How Did Christ, Being the Son of God, Become Man? (Part 5)

Question 25e- How did Christ, being the Son of God, become man?

“For we do not have a high priest who is unable to sympathize with our weaknesses, but one who in every respect has been tempted as we are, yet without sin.” – Heb 4:15 ESV

For we have not an high priest, That is cruel and unmerciful; the saints have an high priest, but not such an one: which cannot be touched with the feeling of our infirmities; such as bodily diseases and wants, persecutions from men, and the temptations of Satan; under all which Christ sympathizes with his people; and which sympathy of his arises from his knowledge and experience of these things, and the share he has had of them, and from that union there is between him and his people: and it is not a bare sympathy, but is attended with his assistance, support, and deliverance; and the consideration of it is of great comfort to the saints:

but was in all points tempted like as we are: of the temptations of Christ, and of the saints; see Gill on Heb 2:18.

yet without sin; there was no sin in his nature; though he was encompassed about with infirmities, yet not with sinful infirmities, only sinless ones; nor was there any sin in his temptations; though he was solicited to sin by Satan, yet he could find none in him to work upon; nor could he draw him into the commission of any sin. [Gill]

For it was indeed fitting that we should have such a high priest, holy, innocent, unstained, separated from sinners, and exalted above the heavens.” – Heb 7:26 ESV

For such an high priest became us, Is suitable to us, answers to our cases and necessities, is every way such an one as is wanted:

who is holy; by nature, originally and underivatively, perfectly and completely, internally as well as externally; he was typified by the high priest, who had holiness to the Lord written on his forehead, and far exceeds any of the priests in holiness; and such an one becomes us, for had he not been holy he could not have entered into the holy place for us, or have appeared there on our account, or have been our sanctification; so Philo the Jew speaks of the true priest as being not man, but the divine Word, and as free from all sin voluntary and involuntary.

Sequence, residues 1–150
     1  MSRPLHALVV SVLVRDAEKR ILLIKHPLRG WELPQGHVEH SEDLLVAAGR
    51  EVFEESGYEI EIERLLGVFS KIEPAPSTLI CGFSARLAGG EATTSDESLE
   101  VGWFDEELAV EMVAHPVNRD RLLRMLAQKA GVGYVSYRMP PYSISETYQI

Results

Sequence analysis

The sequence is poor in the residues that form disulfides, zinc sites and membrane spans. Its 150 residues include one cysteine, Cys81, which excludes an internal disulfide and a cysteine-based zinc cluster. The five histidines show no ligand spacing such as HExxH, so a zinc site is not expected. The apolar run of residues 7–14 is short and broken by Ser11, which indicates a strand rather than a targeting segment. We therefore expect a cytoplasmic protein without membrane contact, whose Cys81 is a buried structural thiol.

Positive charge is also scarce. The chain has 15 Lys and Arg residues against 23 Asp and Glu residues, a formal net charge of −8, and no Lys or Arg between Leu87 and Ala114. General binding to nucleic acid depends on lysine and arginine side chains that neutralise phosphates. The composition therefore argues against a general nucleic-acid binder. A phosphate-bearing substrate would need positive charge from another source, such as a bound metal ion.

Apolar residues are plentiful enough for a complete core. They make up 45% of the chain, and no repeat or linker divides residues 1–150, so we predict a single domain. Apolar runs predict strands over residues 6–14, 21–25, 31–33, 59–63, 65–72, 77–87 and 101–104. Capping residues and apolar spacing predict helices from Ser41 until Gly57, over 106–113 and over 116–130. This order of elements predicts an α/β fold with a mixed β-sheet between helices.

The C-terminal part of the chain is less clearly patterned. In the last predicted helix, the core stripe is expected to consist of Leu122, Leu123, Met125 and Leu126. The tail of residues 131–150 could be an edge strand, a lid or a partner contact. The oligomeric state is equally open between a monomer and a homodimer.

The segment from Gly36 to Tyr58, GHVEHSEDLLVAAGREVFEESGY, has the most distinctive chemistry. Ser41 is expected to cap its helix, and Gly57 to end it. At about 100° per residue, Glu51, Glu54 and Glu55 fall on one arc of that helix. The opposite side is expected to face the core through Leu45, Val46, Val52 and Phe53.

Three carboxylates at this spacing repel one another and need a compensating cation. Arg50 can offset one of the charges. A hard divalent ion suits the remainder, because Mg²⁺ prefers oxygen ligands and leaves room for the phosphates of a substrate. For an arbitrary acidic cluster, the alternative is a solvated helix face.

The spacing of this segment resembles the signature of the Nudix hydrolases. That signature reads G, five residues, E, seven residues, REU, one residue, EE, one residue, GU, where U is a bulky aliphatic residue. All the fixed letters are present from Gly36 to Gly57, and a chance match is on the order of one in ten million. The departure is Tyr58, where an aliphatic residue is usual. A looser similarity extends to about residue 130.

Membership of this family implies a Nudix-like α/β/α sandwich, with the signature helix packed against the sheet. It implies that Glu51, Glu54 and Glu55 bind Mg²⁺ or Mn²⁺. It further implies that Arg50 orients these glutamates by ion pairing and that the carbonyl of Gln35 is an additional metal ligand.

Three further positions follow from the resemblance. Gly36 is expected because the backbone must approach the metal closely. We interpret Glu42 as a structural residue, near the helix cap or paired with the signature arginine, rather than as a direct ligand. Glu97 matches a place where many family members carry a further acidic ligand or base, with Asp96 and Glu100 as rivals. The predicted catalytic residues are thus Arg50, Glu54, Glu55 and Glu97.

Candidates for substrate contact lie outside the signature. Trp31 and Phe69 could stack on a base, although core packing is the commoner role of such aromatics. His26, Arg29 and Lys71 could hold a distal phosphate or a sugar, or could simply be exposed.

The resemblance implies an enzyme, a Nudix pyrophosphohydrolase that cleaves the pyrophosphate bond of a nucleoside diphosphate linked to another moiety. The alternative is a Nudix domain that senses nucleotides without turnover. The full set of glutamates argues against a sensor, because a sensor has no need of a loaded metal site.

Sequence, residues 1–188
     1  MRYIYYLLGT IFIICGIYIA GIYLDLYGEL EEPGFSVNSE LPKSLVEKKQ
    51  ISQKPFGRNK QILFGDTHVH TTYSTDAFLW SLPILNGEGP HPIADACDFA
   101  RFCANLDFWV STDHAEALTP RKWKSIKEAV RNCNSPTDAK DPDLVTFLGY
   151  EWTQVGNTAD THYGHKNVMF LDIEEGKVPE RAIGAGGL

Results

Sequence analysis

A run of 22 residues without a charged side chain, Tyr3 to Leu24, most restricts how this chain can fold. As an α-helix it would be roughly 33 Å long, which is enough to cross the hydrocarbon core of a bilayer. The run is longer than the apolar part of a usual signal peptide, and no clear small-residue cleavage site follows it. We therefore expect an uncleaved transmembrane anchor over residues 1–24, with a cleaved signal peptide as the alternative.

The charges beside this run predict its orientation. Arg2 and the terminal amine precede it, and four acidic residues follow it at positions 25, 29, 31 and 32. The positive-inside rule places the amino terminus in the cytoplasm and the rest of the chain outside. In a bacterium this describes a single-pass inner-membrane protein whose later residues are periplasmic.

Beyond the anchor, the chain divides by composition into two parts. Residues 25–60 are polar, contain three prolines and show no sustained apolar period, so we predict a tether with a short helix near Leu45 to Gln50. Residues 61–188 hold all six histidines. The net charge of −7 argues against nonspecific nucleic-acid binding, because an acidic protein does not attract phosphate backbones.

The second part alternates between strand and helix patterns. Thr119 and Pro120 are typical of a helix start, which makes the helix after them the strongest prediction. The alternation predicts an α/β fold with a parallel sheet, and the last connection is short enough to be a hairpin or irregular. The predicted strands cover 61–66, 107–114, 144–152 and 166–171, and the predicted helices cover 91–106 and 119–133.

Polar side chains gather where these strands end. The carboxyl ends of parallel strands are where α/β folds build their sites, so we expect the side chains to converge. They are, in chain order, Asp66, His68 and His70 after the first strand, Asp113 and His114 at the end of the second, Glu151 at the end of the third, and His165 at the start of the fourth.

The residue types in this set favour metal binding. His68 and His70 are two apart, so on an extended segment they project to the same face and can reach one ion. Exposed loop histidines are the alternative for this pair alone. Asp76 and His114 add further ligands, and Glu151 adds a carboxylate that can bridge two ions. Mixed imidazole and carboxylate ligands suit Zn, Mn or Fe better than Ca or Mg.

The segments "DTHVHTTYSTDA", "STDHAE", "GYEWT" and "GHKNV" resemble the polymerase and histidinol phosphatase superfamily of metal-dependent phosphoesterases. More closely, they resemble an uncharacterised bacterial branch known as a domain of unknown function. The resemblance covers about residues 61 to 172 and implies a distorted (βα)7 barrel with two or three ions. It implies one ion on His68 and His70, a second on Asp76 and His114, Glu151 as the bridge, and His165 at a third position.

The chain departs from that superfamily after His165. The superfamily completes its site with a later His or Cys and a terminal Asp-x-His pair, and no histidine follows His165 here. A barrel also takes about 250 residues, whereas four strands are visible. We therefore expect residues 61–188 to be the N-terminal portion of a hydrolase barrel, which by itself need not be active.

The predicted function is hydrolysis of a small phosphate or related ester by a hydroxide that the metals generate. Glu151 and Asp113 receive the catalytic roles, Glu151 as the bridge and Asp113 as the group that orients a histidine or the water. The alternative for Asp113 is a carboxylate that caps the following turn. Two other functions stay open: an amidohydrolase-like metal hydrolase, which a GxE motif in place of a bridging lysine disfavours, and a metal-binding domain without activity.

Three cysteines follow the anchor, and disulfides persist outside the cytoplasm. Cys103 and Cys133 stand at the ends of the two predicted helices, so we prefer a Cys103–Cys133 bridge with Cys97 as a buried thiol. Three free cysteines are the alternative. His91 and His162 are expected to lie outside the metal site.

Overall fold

harmless; without any vitiosity in his nature, without guile in his mouth, or malice in his heart; doing no injury to any man’s person or property: the character chiefly regards the innocence and holiness of his life and conversation; and in which he exceeded the priests under the law; and is a suitable one for us, for hereby he was fit to be made sin, and to take it away:

undefiled; with the sin of Adam, with which all mankind are defiled; with the blood of slain beasts, with which the priests under the law were sprinkled; with the filthy conversation of the wicked, which affects good men: hence he was more excellent than the priests under the law; and one that becomes us, since his blood is the blood of a lamb, without spot and blemish: the high priests under the law, according to the Jews, were to excel their brethren in knowledge, beauty, and riches; but the distinguishing character of our high priest is purity and holiness:

separate from sinners; not but that he took the nature of sinners, though not a sinful nature; and he was often in the company of sinners, when on earth, and was reckoned among them, and as one of them; but he was separated from them in Adam; he was not among the individuals of human nature that sinned in him; and he was brought into the world in a different manner from them, not descending from Adam by ordinary generation; and he had no communion with them in sin; nor did he encourage them to it in the days of his flesh; and now he is removed far from them; and herein he exceeds the priests under the law, and is suitable to us: the Syriac and Ethiopic versions read, “separate from sins”; the allusion seems to be, to the separating of the high priest from his own house to one of the courts of the temple seven days before the day of atonement (z), and so before the burning of the heifers:

and made higher than the heavens; than the visible heavens, the airy and starry heavens, and than the angels in heaven; and so preferable to the high priests, and exceedingly agreeable to us, Heb 4:14 the allusion may be to the carrying of the high priest on the day of atonement to an upper chamber in the temple, called the chamber of Abtines: this may be understood either of Christ’s exaltation in heaven, where angels are subject to him, and his priesthood is completed; or of his excelling the angels in the holiness of his nature, which agrees with the other characters in the text, and stands opposed to the infirmities of the priests. [Gill]

Answer – Christ, the Son of God, became man by taking to Himself a true body and a reasonable soul; being conceived by the power of the Holy Spirit in the womb of the Virgin Mary, and born of her, yet without sin.

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